Theoretical and Applied Climatology

, Volume 98, Issue 1–2, pp 171–186 | Cite as

Comparison of satellite- and ground-based NDVI above different land-use types

  • A. Tittebrand
  • U. Spank
  • CH. Bernhofer
Original Paper


In order to evaluate the use of satellite (moderate resolution imaging spectroradiometer: MODIS) and ground-measured (hyperspectral spectrometer and broadband micrometeorological sensors) normalized difference vegetation index (NDVI), this study compares NDVI derived from five experimental (FLUXNET) field sites (grassland, winter wheat, corn, spruce, and beech) in Germany in June 2006 and April-September 2007. In addition, the spatial variability of ground radiation measured within one specific land-use class (for grass and winter wheat) was investigated to analyze the accuracy of the FLUXNET tower values. Furthermore, the angular dependence of spectrometer values on viewing angles was determined in order to enhance the spatial representativeness of spectrometer measurements which, especially above trees, are affected by soil parts and the tower structure when measured in nadir. The best agreement between the satellite- and ground-measured NDVI was found for winter wheat (2006) with values from 0.79–0.88 followed by grass (2006), showing NDVI values between 0.71 and 0.86. The spatial variability of NDVI within one land-use type was lower than the differences caused by the different NDVI determination methods. Above more open canopies (corn, beech), spectrometer measurements with 60° viewing angle in solar plane direction were found to better correspond to satellite-derived NDVI. Together with broadband NDVI, our ground-based results can complement satellite-derived NDVI.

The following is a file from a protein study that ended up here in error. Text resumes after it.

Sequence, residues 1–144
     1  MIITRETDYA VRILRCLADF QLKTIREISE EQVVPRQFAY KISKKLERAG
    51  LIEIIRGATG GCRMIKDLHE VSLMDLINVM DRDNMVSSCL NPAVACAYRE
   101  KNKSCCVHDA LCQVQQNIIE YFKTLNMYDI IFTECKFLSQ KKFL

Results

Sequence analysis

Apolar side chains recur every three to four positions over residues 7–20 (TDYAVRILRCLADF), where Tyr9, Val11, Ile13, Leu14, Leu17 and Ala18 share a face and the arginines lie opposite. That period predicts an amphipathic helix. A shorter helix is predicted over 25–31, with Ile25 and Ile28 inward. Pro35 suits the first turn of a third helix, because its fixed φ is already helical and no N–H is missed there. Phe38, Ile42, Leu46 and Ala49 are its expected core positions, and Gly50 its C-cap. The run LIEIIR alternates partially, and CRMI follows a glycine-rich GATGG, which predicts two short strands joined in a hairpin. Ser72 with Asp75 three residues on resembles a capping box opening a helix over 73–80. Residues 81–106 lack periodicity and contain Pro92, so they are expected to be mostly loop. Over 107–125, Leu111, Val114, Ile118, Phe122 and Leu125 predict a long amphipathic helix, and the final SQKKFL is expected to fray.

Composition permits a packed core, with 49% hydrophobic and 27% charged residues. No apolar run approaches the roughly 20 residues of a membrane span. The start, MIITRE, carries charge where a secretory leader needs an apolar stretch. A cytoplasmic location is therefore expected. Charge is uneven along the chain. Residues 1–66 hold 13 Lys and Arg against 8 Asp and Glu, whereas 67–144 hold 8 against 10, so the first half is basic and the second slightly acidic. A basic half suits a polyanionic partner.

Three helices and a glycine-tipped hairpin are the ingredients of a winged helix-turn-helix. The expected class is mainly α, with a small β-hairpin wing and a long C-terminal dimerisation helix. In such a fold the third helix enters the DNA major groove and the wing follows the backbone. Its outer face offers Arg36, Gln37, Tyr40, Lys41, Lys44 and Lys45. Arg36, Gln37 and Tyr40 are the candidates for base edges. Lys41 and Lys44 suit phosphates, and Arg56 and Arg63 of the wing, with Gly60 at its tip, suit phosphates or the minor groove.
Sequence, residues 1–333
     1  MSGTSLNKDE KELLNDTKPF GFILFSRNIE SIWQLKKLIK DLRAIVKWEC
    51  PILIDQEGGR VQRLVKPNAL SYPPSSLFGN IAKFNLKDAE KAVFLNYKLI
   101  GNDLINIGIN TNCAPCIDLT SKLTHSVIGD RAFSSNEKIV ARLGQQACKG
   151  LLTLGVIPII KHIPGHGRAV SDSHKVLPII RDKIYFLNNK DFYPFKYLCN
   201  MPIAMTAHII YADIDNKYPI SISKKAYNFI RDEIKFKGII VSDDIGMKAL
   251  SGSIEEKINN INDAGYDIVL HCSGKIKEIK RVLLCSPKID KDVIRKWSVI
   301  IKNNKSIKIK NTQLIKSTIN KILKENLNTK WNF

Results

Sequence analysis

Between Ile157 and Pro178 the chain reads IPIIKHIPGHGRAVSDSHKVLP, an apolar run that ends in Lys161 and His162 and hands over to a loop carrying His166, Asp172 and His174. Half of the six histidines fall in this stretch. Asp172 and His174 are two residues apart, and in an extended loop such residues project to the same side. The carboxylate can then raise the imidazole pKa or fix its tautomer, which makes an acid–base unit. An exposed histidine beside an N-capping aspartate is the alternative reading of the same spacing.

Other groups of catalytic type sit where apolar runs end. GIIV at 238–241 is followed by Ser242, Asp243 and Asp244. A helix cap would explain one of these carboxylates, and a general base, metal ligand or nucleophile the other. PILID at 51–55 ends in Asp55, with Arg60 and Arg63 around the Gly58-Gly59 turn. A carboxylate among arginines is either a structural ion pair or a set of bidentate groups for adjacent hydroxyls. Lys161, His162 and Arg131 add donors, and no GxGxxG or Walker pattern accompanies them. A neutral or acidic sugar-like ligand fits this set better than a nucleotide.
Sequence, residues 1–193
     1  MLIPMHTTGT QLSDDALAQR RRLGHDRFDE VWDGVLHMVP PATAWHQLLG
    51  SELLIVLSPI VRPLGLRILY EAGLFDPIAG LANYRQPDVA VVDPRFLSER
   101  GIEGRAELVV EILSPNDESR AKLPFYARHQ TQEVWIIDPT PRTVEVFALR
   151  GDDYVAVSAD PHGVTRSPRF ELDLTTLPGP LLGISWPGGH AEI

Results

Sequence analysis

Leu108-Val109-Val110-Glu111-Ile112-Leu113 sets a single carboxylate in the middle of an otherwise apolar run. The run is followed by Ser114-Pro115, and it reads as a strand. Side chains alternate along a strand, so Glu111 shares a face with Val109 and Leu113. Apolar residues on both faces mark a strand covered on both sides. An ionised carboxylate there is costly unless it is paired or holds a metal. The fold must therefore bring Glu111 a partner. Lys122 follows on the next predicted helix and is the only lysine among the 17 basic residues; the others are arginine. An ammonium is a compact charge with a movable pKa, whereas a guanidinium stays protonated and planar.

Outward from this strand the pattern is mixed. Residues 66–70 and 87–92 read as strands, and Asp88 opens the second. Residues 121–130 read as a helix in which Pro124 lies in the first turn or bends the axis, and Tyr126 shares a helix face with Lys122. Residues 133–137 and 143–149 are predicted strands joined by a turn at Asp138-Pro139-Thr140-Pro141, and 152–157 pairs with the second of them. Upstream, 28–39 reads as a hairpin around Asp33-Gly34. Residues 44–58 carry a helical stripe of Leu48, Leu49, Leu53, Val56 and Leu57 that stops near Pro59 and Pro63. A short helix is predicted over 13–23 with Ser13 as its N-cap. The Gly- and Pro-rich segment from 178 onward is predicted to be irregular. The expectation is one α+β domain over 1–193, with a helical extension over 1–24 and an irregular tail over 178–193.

Normalize Difference Vegetation Index Winter Wheat Photosynthetic Active Radiation Spectrometer Measurement Solar Elevation Angle 
These keywords were added by machine and not by the authors. This process is experimental and the keywords may be updated as the learning algorithm improves.



This study was founded by CarboEurope IP, the Deutsche Forschungsgemeinschaft (DFG), and the DFG-project MAGIM (Matter Fluxes in Grasslands of Inner Mongolia as Influenced by Stocking Rate). Special thanks to T. Grünwald for providing the tower data of the anchor stations and for helpful information and discussions and K. Geidel for the determination of the area of the individual land use parts around the tower stations.


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Copyright information

© Springer-Verlag 2009

Authors and Affiliations

  1. 1.Institute of Oceanography, Center for Marine and Atmospheric ScienceUniversity of HamburgHamburgGermany
  2. 2.Institute of Hydrology and MeteorologyTechnische Universität DresdenDresdenGermany

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